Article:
The last couple days we have talked about persecution and forgiveness, two very important and complex topics. As a psychiatrist, I see many misunderstandings or myths about what Biblical forgiveness actually is. Myths like, 1. Forgiving is forgetting; 2. Forgiving is starting with a clean slate like nothing ever happened; 3. Forgiving is trusting just as you did before the transgression; 4. Forgiving is never bringing up the incident again. These are some common misconceptions about forgiveness that I hear from peers, people in ministry, and patients.
Some principles from the Bible:
1. God never forgets. He is omniscient. Myth 1 busted.
2. God took David’s and Moses’ sins into account long after their sins, therefore no clean slate. Myth 2 busted.
3. God only trusts us as far as our skill set and reliance on Him, as evidenced by our past track record (spiritual maturity) allows. Myth 3 and 4 busted.
Let’s look at an example of a husband who has an affair. It is important to not forget the incident happened because a lot of work needs to be done to figure out why it happened and how to ensure it doesn’t happen again. You can’t act as if nothing happened because the husband obviously has some deficits and areas of temptation and needs to be safeguarded and held accountable so he and the marriage can heal and grow. So, if he comes home very late one night with a lame excuse, the wife needs to remember the past. She needs to ask the who, what, where, why, and when, with the right attitude and motivation, to make sure he didn’t stumble or isn’t on a slippery slope. She can’t jump into a pre-affair level of trust until he proves trustworthy based on present behavior. That would be unfair and unhealthy for her … and for him.
Forgiving or being forgiven doesn’t elevate someone’s trustworthiness. When she sees worrisome warning signs she needs to bring up the past transgression to facilitate regular assessment, accountability, and growth in him. She knows his area of temptation and stumbling better than most, so she has to keep it in mind to help him grow and avoid it.
Biblical Forgiveness has 2 key components. First, giving up the dysfunctional anger like bitterness, revenge, spite, rage, self-contempt, etc. you have for the transgression, or the transgressor, or toward God for letting the hurtful event happen. Second, when we have been wronged, our nature is to want, need, and demand some payment from the transgressor. We really need to turn this over to God as the great judge and executioner. He is the only one who can determine the fair and appropriate punishment for the infraction, just as He does for us and our many sins against others. The Choosing to Forgive Workbook by Les Carter and Frank Minirth, M.D. is great at expanding on these points with practical application.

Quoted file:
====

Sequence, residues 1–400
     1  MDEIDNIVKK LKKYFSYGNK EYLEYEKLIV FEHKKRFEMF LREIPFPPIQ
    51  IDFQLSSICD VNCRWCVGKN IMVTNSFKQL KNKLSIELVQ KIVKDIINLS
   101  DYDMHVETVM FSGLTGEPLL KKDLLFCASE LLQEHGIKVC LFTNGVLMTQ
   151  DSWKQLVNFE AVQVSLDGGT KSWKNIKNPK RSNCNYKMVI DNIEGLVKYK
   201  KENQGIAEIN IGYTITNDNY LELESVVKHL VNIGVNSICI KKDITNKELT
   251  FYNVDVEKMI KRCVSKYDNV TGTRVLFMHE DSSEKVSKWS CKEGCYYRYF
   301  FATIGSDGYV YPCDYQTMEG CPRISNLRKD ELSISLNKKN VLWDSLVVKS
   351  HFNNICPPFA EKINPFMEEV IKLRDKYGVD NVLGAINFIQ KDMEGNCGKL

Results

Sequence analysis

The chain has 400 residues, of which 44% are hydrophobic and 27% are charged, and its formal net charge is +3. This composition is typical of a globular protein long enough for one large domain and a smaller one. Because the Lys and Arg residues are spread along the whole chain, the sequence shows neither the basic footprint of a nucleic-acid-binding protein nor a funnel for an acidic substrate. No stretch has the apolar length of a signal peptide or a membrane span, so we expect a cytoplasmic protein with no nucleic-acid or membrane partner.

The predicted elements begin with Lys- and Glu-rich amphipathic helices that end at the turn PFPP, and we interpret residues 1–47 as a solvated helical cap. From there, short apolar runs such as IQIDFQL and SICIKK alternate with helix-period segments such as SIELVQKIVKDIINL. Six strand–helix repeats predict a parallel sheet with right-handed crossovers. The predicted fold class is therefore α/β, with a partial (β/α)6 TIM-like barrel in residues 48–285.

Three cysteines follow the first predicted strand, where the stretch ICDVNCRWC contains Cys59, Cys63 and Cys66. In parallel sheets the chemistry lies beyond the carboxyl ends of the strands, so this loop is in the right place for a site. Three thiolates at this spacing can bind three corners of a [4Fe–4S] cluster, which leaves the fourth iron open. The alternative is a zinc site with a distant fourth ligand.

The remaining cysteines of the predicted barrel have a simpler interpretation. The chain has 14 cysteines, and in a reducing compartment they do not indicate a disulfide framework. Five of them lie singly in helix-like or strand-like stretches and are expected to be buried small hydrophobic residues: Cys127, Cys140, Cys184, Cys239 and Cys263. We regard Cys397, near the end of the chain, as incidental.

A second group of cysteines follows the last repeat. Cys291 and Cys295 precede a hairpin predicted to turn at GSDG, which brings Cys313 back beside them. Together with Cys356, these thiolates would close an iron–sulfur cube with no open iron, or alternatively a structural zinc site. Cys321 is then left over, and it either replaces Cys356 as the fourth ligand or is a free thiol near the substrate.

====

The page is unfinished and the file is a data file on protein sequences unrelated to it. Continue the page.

Today, when you are struggling to forgive, or you have forgiven but it still hangs over you, ask, “What am I still trying to get out of them as payment?” It may be you need an apology from them, or you need them to feel your pain. Maybe you need to see their consequence, punishment, payment of restitution, or public acknowledgment to others about what they did to you. If your happiness is based on getting that and they never give it, where does that leave you? Quit giving them power over you. Forgive, and let God extract whatever payment He judges necessary for their growth. Your choice, choose well.
Dear Father, Thanks be to You, Lord, for Your incredible gift of forgiveness. Where would I be without it … buried under a ton of sin and shame. I am so quick to ask for Your Forgiveness, Lord … but so slow to forgive others. Help me remember that forgiving others lifts a heavy burden off me … and places me back under the grace of Your forgiveness. I seek to forgive as Jesus forgave … I seek the mind of Christ. Help me to understand I am not one to judge them and exact payment. Although their transgression against me hurts, it is an even greater transgression against Your holiness. You are the perfect one to hand out justice or grace. In Your omniscience and love for them, you know best. Grow in me a humble spirit to focus on my actions, thoughts, and heart, and to accept Your actions in theirs. Help me, Lord, to spread Your message about forgiveness in word, and especially in action. I pray this in the name of Jesus Christ, who loved and sacrificed so much for my forgiveness; and all God’s children say – AMEN!
That very day the LORD spoke to Moses, “Go up this mountain of the Abarim, Mount Nebo, which is in the land of Moab, opposite Jericho, and view the land of Canaan, which I am giving to the people of Israel for a possession. And die on the mountain which you go up, and be gathered to your people, as Aaron your brother died in Mount Hor and was gathered to his people, because you broke faith with me in the midst of the people of Israel at the waters of Meribah-kadesh, in the wilderness of Zin, and because you did not treat me as holy in the midst of the people of Israel. For you shall see the land before you, but you shall not go there, into the land that I am giving to the people of Israel.”
And when you stand praying, if you hold anything against anyone, forgive him, so that your Father in heaven may forgive you your sins.
Be kind and compassionate to one another, forgiving each other, just as in Christ God forgave you.